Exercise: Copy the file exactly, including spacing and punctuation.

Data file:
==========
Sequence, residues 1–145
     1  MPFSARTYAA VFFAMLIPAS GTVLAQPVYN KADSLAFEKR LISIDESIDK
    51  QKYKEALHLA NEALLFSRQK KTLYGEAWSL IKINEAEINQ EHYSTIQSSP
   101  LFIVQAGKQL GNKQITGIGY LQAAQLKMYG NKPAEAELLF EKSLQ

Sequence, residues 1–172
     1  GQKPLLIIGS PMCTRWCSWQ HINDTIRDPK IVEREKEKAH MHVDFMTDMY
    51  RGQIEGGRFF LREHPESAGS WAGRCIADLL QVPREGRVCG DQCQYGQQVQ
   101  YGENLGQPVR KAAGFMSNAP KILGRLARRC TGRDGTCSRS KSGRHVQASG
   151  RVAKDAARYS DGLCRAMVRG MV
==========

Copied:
Sequence, residues 1–145
     1  MPFSARTYAA VFFAMLIPAS GTVLAQPVYN KADSLAFEKR LISIDESIDK
    51  QKYKEALHLA NEALLFSRQK KTLYGEAWSL IKINEAEINQ EHYSTIQSSP
   101  LFIVQAGKQL GNKQITGIGY LQAAQLKMYG NKPAEAELLF EKSLQ

Sequence, residues 1–172
     1  GQKPLLIIGS PMCTRWCSWQ HINDTIRDPK IVEREKEKAH MHVDFMTDMY
    51  RGQIEGGRFF LREHPESAGS WAGRCIADLL QVPREGRVCG DQCQYGQQVQ
   101  YGENLGQPVR KAAGFMSNAP KILGRLARRC TGRDGTCSRS KSGRHVQASG
   151  RVAKDAARYS DGLCRAMVRG MV